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Political Language in Economics

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Zubin Jelveh, Ph.D., Crime Lab New York
Thursday, November 7, 4pm, University Hall 1040
Political Language in Economics

Abstract: Do empirical estimates in economics reflect the political orientation of economists? We show that policy-relevant parameters are correlated with economist partisanship as predicted from the text of published academic papers. Specifically, we build a model to predict the observed political behavior of a subset of economists which we then use to predict partisanship for all economists. Using our out-of-sample predictions, we show considerable sorting of economists into fields of research, and yet can detect differences in partisanship among economists even within a field, even across those estimating the same theoretical parameter. Using policy-relevant parameters collected from previous meta-analyses we then show that imputed partisanship is correlated with estimated parameters, such that the implied policy prescription is consistent with partisan leaning.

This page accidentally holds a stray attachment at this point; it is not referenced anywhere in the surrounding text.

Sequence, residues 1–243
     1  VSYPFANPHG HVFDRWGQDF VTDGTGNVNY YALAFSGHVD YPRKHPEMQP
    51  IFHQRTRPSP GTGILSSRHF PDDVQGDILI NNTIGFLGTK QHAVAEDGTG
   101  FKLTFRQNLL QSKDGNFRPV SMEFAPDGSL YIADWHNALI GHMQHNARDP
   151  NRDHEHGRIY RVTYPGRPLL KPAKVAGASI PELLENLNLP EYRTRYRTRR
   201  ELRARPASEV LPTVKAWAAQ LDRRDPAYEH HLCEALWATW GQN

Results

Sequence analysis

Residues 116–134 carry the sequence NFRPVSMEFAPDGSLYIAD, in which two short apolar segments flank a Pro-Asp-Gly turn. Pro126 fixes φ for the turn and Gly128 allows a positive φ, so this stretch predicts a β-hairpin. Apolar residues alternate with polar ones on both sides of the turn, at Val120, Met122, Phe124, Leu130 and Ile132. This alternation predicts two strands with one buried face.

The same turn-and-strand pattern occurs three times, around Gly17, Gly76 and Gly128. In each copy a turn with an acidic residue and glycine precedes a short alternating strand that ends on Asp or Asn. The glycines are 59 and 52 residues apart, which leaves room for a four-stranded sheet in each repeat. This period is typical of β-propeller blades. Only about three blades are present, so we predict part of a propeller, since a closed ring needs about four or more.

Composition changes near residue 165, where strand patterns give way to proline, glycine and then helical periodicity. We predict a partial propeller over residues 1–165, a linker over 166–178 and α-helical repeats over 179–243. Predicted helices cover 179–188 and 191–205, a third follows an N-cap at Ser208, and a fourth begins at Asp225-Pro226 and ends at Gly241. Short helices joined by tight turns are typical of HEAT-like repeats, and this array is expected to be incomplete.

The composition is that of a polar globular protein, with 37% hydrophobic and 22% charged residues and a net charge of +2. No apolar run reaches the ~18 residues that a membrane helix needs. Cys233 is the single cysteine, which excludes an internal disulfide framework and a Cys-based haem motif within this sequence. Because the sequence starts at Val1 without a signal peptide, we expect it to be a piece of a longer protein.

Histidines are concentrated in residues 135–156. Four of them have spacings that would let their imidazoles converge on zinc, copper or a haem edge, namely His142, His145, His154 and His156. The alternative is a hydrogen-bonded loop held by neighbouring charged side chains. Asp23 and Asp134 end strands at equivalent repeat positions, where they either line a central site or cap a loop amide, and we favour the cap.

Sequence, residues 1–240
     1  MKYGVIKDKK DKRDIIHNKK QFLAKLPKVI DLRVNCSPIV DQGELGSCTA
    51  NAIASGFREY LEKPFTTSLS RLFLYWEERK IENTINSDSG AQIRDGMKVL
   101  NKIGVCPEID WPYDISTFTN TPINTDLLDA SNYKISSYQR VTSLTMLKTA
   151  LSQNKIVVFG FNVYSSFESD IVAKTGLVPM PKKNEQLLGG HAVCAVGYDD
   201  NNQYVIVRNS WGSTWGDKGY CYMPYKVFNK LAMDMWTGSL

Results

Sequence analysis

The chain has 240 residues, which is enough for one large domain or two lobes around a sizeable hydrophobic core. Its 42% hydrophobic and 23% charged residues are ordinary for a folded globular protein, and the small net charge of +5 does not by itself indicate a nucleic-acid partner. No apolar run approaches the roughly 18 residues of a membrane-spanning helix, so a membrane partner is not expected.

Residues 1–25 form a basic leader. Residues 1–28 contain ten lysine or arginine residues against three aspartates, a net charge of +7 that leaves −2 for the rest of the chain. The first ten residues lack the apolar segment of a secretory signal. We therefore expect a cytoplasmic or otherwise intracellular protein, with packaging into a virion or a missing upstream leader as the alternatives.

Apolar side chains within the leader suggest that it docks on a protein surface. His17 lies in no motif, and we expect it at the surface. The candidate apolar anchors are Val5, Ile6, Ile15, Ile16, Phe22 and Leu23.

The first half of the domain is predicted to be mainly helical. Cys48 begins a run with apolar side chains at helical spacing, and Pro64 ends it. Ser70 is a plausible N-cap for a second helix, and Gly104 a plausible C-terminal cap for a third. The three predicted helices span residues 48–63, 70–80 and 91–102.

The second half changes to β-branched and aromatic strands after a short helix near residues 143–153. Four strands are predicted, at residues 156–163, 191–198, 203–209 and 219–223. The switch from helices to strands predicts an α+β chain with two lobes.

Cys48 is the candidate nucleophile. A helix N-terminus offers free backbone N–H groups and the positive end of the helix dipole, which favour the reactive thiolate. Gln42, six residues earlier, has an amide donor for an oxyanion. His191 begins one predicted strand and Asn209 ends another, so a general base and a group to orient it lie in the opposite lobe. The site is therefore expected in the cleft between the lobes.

Bio: Zubin Jelveh is a Research Director at Crime Lab New York, a University of Chicago-affiliated research institute that partners with civic and community leaders in New York City and New Jersey to design, test, and scale promising programs and policies to reduce crime and violence. His research interests include the development and evaluation of prediction models intended to improve outcomes in the areas of domestic violence, gun violence, and child safety. He also studies the science production function, specifically the incentives that drive how research is presented.

Zubin Jelveh holds a BA in economics from the University of Chicago, an MA in quantitative methods in the social sciences from Columbia University, and a PhD in Computer Science from New York University. In a previous life, Zubin was a journalist covering economics for outlets like The New York Times, Condé Nast Portfolio, and The New Republic.